Most used car dealers specialize in auto loans. They can offer attractive interest rates on new cars using their expertise.

Some car dealers also offer a promotional 0% financing, especially during the first year on a new vehicle.

Why Do Retail Stores Offer In-House Financing?

As discussed above, a retail store offers loans or credit cards to its customers. These modes of financing open a new revenue stream for the store.

It is worth noting that the interest rates are higher when you use dealership-provided credit cards. However, these credit cards and loans offer a variety of rewards and perks to consumers, especially if they are regular shoppers.

A Few Things to Consider

With the rise of FinTech companies, today's consumers have better access to in-house financing options.

These in-house financing options are built around the credit departments of companies that work in-house. They are also supported by the company’s single credit provider it partners with to fulfill its consumers’ lending needs.

Point-of-sale financing makes the lending process easier for buyers by allowing them to apply for credit when they are ready to make the purchase.

The better the credit score, the easier and quicker it will be for consumers to get approved. With a good credit score, they might even get a higher limit.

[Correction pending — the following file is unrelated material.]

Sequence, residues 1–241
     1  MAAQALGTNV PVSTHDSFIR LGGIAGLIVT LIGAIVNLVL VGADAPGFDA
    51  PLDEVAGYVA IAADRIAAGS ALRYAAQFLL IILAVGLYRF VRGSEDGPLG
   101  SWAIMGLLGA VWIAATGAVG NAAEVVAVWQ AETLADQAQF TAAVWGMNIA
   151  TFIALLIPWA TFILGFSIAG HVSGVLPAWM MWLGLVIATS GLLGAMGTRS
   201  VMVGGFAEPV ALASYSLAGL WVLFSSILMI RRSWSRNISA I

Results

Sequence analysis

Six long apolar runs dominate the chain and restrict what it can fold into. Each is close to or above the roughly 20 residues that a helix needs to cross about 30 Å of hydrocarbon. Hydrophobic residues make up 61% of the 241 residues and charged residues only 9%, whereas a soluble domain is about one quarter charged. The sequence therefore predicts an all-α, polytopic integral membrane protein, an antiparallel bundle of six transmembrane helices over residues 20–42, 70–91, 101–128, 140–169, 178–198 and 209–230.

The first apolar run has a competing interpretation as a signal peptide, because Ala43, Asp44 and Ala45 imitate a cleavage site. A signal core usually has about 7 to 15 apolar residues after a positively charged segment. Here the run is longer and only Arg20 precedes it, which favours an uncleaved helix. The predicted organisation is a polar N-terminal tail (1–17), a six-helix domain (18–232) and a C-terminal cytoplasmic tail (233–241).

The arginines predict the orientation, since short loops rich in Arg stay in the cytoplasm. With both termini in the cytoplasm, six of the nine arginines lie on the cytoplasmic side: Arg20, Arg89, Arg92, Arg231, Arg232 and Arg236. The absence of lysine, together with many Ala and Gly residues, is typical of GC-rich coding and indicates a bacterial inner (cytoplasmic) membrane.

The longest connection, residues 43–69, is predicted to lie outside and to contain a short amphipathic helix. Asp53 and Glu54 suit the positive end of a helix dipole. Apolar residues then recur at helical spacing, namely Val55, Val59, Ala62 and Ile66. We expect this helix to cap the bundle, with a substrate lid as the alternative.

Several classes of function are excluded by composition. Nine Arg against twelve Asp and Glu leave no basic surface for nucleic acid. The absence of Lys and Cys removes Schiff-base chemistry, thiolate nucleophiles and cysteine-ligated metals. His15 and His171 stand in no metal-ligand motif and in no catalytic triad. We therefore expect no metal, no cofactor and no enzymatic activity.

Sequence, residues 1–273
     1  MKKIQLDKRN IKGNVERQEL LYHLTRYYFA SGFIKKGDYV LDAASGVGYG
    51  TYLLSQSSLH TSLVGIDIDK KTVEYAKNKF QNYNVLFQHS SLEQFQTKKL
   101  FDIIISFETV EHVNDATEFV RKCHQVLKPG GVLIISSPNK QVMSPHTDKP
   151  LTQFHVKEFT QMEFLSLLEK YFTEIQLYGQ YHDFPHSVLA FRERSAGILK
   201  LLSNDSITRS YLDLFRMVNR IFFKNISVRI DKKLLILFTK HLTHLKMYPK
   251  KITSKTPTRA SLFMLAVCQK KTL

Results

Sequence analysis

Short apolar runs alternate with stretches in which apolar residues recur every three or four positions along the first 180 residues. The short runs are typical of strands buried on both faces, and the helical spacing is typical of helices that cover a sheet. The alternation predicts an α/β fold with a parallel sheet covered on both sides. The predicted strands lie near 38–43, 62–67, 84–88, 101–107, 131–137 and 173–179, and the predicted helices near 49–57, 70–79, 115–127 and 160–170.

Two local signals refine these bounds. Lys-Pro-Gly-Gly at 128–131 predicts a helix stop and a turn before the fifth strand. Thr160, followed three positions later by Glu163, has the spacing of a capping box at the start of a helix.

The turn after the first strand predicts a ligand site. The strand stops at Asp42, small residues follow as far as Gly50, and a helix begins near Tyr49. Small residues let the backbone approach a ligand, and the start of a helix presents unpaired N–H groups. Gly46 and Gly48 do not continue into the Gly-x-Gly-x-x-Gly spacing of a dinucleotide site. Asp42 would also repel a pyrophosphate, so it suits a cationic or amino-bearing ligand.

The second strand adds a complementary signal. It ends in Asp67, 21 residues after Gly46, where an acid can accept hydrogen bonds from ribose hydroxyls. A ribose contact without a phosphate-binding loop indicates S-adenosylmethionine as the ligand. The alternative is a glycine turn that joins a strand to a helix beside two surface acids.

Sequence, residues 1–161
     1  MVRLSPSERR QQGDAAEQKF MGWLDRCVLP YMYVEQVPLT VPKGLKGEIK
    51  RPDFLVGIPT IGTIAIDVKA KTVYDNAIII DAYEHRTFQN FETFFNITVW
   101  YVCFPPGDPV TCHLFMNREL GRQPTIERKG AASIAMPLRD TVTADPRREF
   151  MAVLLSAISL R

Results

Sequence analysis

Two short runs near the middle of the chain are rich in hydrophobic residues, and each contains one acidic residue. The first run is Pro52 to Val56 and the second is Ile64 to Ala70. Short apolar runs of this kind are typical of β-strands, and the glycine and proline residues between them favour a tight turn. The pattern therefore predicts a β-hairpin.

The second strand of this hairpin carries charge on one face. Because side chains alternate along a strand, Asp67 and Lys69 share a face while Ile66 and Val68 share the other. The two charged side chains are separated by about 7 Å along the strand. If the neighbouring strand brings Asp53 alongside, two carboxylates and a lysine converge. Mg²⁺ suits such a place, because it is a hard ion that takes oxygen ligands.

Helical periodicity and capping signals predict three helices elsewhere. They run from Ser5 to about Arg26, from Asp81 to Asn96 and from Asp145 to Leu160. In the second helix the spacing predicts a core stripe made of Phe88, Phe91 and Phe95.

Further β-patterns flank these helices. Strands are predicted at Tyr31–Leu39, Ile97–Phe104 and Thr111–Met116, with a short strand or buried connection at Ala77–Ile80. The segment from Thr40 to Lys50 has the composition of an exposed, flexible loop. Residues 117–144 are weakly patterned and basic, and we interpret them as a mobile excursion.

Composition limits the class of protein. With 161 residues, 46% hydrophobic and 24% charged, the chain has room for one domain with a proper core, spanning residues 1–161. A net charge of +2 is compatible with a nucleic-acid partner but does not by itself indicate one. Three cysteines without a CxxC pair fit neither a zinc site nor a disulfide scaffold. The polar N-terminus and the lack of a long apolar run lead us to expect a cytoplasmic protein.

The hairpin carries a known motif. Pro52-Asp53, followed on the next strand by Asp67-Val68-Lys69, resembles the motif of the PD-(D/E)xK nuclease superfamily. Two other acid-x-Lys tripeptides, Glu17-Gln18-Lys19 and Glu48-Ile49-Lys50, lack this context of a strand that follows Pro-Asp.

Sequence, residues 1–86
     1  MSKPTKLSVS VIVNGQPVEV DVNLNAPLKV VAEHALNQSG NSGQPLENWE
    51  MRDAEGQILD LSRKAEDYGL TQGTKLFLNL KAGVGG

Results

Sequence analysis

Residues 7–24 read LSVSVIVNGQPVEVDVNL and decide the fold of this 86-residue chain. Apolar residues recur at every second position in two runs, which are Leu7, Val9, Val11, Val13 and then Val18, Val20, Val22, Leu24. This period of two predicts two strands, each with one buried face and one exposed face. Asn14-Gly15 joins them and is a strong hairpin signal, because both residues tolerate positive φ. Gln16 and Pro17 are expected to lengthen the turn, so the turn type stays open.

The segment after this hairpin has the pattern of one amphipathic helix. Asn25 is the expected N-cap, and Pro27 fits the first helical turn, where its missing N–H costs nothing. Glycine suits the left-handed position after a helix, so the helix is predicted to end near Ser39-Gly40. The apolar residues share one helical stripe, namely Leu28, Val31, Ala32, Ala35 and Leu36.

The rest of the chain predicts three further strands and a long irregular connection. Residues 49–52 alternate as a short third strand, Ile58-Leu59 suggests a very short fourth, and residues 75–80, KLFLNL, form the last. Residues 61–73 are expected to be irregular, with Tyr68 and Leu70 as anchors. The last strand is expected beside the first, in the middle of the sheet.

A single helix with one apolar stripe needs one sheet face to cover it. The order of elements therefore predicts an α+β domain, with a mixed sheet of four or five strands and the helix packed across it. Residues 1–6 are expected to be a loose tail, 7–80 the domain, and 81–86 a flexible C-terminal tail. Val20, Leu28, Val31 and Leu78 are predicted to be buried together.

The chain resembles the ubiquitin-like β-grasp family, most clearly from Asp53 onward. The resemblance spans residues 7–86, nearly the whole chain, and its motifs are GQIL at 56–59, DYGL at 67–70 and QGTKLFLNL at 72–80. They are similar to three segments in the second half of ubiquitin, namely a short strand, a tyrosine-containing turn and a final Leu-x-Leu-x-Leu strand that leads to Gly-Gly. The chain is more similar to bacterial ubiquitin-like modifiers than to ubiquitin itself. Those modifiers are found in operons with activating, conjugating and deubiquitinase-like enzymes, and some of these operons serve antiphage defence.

Credit-backed sales are becoming increasingly popular, and many merchants now offer it.

While only a handful of businesses used credit-backed sales a few years back, its popularity skyrocketed during the pandemic.

Interestingly, since the start of the pandemic, FinTech companies have earned a revenue of $8-10 billion from traditional lenders.

According to some estimates, more than 15% of the purchases by the end of 2023 will be done according to the credit-backed sales method.

Pros and Cons of In-House Financing

Pro#1: Realistic Shopping

You will hand over your financial information first. The dealer will know your exact budget before showing you a vehicle.

Pro#2: Improves Your Credit

In-house financing helps you improve your credit provided you make your payments on time. The lender also benefits from the interest on the loan, so everybody wins.

Pro#3: Helps You Afford a Better Car

While your current finances might allow you to buy a used older model of a particular car, with in-house financing, you can get a newer model with the latest features.

Con#1: Higher Interest

Unlike traditional lenders, in-house financing options have higher interest rates. However, there are ways around this, like paying a higher down payment. Whatever you do, it is best for you to negotiate a lower interest rate.

Con#2: Sales-Pitch Financing

Some buyers are concerned that the sales pitch at the dealership will prevent them from receiving a decent financing offer. Besides selling you a car, a car dealership makes sure you make payments on time, which is not a bad thing. It is better to prepare yourself with budgetary guidelines.

Final Word

Despite the downsides, in-house financing allows consumers to afford vehicles they might not have the budget for otherwise. The trick is to keep an eye on the interest rates before signing any paperwork.

Try to limit the interest rates as much as possible. The best way to do so is by handing over a good down payment.